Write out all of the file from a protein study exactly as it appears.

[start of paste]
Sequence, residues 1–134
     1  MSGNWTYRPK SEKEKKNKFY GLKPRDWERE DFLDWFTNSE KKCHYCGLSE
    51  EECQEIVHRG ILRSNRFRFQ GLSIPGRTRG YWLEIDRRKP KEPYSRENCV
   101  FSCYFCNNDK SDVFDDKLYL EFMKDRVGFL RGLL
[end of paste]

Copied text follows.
Sequence, residues 1–134
     1  MSGNWTYRPK SEKEKKNKFY GLKPRDWERE DFLDWFTNSE KKCHYCGLSE
    51  EECQEIVHRG ILRSNRFRFQ GLSIPGRTRG YWLEIDRRKP KEPYSRENCV
   101  FSCYFCNNDK SDVFDDKLYL EFMKDRVGFL RGLL